By Michael Löwy
Monthly Review, January 2010
There are still some 400 billion tons of carbon dioxide confined in the permafrost, that frozen tundra that extends through Canada and Siberia. But how can the glaciers melt without the permafrost melting too? There are few depictions of the worst-case scenario, in which global temperatures rise by 5-6°C: scientists steer clear of painting catastrophic pictures. But we already know what looms: rising sea levels flooding, not only Dacca and other Asian coastal cities, but also London, Amsterdam, Venice, New York; desertification on an enormous scale; shortages of drinking water; repeated natural catastrophes. The list goes on. At a temperature 6°C higher, it becomes questionable whether the planet will still be habitable for our species. We have, alas, no other planet to move to.
Who is responsible for this situation, unheard of in human history? Scientists answer—humans. A true answer, but a bit incomplete. Humans have lived on earth for many millennia, but atmospheric carbon dioxide levels became dangerous only a few decades ago. In reality, the fault lies with the capitalist system—its absurd and irrational logic of unlimited expansion and capital accumulation; its obsessive drive to increase material production in pursuit of profits.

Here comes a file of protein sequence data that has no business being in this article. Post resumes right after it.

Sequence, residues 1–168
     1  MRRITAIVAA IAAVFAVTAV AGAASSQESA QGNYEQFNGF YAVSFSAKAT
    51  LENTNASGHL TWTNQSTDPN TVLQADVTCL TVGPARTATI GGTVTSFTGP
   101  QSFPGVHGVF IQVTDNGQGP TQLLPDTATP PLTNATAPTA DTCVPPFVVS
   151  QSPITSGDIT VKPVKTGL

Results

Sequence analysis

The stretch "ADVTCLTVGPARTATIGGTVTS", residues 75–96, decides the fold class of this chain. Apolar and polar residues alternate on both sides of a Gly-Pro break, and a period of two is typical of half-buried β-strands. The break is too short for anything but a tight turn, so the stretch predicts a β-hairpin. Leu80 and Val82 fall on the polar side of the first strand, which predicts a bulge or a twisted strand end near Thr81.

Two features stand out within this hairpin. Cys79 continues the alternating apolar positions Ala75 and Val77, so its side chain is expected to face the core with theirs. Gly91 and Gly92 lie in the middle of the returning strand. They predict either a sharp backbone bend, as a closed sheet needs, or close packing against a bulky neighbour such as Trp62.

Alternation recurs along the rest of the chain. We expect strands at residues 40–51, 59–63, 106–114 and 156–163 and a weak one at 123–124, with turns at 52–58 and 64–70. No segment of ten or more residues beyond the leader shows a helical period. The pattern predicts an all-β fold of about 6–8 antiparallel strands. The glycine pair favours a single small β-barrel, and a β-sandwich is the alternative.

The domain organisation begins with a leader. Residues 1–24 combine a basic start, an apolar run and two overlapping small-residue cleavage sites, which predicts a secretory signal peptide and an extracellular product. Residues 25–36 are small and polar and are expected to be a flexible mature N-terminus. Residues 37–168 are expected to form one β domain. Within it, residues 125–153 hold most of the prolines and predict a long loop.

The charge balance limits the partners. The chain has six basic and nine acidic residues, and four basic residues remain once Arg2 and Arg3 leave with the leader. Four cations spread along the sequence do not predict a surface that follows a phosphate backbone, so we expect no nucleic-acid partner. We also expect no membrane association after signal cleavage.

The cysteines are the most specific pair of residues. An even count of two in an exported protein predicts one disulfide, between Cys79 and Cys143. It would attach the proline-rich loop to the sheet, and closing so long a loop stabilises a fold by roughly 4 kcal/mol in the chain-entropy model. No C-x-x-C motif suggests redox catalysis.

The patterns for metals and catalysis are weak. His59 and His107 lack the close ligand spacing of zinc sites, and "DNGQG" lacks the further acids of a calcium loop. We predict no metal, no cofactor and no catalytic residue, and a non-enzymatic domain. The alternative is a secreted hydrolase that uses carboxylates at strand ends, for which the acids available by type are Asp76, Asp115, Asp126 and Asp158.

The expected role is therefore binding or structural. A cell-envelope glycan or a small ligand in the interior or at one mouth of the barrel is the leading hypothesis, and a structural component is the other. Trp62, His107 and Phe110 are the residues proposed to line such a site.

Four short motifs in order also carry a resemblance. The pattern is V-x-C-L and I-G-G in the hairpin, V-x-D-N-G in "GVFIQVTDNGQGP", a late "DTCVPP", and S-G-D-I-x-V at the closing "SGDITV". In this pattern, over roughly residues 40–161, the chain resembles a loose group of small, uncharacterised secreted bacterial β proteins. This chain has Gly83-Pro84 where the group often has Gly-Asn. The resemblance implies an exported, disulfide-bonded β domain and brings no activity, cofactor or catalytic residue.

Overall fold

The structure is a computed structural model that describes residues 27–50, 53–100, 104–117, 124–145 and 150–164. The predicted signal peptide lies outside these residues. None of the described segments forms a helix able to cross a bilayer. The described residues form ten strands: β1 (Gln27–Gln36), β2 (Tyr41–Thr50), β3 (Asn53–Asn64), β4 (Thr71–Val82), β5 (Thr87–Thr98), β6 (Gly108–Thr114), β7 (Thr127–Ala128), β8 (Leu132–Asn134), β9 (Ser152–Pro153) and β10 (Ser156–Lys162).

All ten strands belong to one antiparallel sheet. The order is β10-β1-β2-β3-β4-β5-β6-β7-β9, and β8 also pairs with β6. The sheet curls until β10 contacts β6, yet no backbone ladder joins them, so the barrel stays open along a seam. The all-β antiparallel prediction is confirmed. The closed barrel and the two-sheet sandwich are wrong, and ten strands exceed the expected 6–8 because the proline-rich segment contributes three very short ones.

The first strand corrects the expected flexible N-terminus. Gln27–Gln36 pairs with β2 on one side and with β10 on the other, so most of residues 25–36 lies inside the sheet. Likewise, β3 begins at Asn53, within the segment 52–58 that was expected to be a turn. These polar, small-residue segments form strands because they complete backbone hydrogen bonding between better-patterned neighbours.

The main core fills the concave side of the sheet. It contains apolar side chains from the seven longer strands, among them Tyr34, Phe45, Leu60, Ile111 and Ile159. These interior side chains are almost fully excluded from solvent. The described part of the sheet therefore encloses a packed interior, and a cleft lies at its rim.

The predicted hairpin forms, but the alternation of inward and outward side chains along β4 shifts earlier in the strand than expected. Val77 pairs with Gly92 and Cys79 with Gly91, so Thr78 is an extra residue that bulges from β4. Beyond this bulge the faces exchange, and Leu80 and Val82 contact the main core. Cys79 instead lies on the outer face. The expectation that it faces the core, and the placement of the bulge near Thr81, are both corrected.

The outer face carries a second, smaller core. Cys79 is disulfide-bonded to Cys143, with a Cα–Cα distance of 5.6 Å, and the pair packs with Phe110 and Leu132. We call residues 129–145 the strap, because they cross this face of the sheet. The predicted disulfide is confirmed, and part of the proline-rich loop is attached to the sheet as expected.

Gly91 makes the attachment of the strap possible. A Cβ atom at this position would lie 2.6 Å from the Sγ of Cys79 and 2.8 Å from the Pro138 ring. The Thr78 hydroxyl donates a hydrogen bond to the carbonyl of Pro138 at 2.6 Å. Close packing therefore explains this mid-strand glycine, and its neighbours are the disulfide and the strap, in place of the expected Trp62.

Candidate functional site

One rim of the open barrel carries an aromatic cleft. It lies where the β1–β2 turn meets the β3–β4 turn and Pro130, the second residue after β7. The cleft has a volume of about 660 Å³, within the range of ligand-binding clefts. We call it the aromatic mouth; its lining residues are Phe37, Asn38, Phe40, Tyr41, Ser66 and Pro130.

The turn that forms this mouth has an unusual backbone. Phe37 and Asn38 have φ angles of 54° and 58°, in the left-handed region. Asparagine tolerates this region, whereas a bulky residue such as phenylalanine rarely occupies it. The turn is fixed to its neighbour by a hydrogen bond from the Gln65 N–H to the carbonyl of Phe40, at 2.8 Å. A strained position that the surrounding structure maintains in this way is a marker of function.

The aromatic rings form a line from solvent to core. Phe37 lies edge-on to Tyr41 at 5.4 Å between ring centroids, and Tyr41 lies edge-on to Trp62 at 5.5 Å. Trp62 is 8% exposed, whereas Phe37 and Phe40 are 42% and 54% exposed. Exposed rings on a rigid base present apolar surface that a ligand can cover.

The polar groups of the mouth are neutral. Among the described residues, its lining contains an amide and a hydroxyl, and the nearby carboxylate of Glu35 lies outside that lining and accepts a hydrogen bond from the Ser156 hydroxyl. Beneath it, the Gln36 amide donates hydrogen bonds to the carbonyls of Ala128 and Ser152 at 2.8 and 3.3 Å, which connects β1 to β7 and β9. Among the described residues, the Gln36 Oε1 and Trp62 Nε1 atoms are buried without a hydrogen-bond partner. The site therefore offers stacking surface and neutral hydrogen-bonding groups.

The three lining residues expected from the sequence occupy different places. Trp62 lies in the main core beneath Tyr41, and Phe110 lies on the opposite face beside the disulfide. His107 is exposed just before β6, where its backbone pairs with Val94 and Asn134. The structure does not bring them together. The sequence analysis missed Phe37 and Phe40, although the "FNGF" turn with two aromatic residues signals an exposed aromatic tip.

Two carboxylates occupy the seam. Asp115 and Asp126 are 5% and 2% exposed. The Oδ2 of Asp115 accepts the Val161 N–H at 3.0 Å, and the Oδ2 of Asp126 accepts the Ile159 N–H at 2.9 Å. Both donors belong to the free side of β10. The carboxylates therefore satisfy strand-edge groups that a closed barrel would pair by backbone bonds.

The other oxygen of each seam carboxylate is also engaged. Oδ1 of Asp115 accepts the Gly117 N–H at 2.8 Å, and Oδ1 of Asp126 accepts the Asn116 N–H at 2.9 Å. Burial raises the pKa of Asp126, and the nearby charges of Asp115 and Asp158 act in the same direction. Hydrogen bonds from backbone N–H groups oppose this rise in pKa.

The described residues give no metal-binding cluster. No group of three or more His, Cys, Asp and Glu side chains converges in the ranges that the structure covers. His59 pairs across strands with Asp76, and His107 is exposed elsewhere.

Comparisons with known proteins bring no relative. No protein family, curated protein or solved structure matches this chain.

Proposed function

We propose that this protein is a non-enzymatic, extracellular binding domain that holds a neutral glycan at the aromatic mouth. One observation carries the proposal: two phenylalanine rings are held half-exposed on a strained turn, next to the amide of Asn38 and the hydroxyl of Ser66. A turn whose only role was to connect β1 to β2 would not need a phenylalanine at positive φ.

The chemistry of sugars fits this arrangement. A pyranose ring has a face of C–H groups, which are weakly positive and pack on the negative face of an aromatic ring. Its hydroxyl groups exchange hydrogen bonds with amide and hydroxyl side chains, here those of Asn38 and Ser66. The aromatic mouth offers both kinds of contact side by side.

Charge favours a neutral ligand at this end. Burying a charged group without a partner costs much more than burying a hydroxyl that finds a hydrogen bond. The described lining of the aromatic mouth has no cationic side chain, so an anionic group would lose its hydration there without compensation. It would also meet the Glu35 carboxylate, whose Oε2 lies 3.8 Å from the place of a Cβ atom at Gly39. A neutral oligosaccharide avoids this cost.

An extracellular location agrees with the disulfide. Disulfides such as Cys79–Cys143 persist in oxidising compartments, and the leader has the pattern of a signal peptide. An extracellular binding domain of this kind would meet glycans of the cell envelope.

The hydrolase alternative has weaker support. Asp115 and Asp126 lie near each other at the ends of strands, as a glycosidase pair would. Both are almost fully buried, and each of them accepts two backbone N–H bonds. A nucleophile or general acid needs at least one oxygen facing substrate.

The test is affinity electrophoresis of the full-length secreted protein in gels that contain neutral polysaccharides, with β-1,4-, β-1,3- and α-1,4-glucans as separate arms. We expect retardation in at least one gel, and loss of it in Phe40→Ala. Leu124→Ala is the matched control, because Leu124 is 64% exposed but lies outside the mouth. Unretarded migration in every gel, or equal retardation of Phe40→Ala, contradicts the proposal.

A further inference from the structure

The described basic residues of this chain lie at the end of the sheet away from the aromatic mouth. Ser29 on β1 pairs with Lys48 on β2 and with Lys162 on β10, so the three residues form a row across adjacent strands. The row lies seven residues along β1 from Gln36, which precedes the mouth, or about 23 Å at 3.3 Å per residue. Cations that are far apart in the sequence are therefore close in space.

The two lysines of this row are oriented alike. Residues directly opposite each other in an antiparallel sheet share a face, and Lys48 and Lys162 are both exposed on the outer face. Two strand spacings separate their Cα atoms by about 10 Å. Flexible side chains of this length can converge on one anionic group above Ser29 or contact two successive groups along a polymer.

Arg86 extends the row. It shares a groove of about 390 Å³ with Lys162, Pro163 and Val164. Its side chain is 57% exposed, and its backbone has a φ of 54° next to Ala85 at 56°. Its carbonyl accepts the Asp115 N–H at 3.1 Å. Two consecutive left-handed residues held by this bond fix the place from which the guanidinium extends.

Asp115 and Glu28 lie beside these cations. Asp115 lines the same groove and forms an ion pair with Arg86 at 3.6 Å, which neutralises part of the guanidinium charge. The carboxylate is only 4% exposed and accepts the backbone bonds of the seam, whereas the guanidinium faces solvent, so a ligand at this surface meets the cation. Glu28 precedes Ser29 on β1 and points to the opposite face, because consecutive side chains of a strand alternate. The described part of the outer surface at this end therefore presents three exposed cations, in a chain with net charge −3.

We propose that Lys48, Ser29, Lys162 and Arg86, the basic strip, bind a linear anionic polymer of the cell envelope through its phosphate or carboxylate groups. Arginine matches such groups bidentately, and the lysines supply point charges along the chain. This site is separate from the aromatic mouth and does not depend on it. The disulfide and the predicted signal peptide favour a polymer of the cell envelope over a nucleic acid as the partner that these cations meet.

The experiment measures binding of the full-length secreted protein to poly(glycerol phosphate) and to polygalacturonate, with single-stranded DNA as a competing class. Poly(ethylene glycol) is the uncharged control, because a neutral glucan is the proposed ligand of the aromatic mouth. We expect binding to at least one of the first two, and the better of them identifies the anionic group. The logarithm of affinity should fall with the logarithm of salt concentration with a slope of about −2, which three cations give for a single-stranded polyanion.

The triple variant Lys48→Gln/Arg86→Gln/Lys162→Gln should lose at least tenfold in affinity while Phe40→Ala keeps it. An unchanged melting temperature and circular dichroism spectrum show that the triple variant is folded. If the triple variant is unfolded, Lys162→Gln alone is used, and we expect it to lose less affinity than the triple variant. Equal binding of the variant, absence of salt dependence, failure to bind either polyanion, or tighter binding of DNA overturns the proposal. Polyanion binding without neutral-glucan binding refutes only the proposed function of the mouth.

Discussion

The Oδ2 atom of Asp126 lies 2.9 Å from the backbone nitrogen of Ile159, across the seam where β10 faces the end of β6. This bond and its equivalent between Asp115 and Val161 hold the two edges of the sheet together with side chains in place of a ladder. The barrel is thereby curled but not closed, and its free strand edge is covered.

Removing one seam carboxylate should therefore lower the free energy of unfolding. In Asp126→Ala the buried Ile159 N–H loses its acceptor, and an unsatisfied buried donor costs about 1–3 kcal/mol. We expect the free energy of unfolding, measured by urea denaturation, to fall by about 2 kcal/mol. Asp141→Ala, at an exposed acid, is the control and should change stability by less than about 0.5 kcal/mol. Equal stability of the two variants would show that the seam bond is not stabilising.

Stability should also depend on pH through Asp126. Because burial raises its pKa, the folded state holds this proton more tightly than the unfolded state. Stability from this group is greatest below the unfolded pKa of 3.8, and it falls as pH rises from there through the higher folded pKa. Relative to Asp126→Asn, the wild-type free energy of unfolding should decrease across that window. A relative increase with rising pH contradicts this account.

The narrow-minded rationality of the capitalist market, with its short-term calculus of profit and loss, is intrinsically contradictory to the rationality of the living environment, which operates in terms of long, natural cycles. It is not that “bad” ecocidal capitalists stand in the way of “good” green capitalists. It is the system itself, based on pitiless competition, demand for return on investment, and the search for quick profits that is the destroyer of ecological equilibrium.
In contradistinction to the fetishism of commodity production and the automatically self-adjusting economy propounded by neoliberal economics, what is at stake is the emergence of a “moral economics”—economic policies based on non-monetary and extra-economic criteria, as suggested by E.P. Thompson: in other words, the reintegration of economics into its environmental, social, and political integument. Partial reforms are totally insufficient. What is needed is to replace the micro-rationality of the profitability criterion with an environmental and social macro-rationality, which means that civilization will have to operate according to a different paradigm. This is impossible without a thoroughgoing transformation of technology aimed at replacement of current energy sources by non-polluting and renewable sources such as direct-solar and wind energy. The first question demanding an answer is, therefore, that of control over the means of production and, above all, over decisions on investment and choice of technologies, which must be seized from banks and other corporations, and made a function of the common good.
Of course, radical change involves consumption as well as production. Nevertheless, the problem of industrial capitalist civilization is not—as is often claimed by some environmentalists—“excessive consumption” by the masses, and the solution is not a general “limitation” of consumption, not even in the advanced capitalist countries. The problem is the prevailing type of consumption based on “false needs”: display, waste, fetishism of commodities. What is needed is production aimed at the satisfaction of genuine needs, beginning with those that might be called “biblical”: food, water, shelter, garments.